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Analysts, investors and journalists dig through earnings results each quarter with the goal of dissecting companies’ performances.
Among the various standard metrics to focus on, brands and retailers have increasingly begun highlighting their non-GAAP metrics – generally accepted accounting principles — over the past several years. The highest profile non-GAAP metric is EBITDA (earnings before interest, taxes, depreciation and amortization) and its adjusted form.
Plenty of companies have used the metric to determine their profitability, even when operating with net losses. However, the measure doesn’t come without its fair share of criticism, despite its popularity. Retail Dive Reporter Dani James dug into EBITDA’s history, its controversy and various use cases among younger direct-to-consumer brands.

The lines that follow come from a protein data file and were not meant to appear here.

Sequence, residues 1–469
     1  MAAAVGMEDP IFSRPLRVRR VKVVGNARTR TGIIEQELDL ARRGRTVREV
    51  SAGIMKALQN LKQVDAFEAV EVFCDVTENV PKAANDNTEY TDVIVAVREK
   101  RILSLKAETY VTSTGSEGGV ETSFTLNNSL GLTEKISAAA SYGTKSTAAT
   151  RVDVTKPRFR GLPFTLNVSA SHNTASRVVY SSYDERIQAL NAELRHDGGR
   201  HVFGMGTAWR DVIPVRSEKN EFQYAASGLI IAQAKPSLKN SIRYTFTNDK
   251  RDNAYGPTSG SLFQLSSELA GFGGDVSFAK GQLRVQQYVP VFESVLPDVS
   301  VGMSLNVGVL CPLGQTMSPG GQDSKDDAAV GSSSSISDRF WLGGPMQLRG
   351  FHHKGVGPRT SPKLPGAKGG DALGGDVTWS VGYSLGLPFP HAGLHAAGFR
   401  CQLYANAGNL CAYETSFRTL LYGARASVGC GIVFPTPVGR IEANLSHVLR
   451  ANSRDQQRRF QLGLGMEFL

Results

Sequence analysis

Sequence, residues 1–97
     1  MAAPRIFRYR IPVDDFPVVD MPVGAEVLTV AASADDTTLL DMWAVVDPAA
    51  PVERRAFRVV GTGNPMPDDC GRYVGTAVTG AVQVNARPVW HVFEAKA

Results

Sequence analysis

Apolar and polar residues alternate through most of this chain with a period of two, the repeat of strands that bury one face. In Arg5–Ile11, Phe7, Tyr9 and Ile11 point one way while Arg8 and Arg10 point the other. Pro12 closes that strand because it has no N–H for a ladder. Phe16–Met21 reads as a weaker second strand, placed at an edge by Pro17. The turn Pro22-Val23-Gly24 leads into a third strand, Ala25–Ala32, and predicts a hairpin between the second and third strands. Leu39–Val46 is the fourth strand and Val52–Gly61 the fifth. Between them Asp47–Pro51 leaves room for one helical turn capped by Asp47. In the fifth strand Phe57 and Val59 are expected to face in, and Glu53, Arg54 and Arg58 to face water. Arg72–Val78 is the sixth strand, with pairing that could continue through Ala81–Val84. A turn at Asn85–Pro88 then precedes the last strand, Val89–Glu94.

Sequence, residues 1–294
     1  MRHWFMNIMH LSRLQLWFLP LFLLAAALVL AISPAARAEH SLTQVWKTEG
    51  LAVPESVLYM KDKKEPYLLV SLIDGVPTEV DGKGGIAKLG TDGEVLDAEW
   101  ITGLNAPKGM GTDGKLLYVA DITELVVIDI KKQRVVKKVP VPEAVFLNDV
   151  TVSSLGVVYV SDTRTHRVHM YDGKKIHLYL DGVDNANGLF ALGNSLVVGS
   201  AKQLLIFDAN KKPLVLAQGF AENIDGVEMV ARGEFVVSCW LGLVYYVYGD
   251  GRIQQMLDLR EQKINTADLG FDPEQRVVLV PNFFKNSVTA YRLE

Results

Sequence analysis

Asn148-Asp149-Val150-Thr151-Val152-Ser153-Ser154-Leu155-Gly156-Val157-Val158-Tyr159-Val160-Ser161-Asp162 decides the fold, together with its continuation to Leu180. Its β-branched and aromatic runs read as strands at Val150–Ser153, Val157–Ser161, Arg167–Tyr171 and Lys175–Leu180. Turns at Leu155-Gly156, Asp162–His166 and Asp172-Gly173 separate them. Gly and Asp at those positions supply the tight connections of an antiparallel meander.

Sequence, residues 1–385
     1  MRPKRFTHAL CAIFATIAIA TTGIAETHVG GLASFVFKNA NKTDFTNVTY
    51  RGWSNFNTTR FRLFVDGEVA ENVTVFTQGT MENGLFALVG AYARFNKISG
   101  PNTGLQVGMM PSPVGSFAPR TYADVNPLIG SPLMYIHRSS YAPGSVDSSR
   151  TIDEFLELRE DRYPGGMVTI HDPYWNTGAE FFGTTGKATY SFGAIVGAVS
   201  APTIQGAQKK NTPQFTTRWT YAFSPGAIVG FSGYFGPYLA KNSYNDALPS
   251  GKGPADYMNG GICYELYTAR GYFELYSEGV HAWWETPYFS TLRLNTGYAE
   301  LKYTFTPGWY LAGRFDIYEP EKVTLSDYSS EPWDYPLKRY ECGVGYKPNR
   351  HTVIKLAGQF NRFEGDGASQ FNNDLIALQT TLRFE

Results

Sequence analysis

In today’s episode, the team talks about that coverage and how EBITDA’s prevalence plays into larger trends in the retail industry.
- Why EBITDA has such a strong hold on retail
- J.C. Penney hasn’t had to release its finances since 2020. Here’s how the retailer is doing.
- Grove Collaborative’s DTC active customers decline amid profitability focus
Editor’s note: This episode was produced and edited by Caroline Jansen.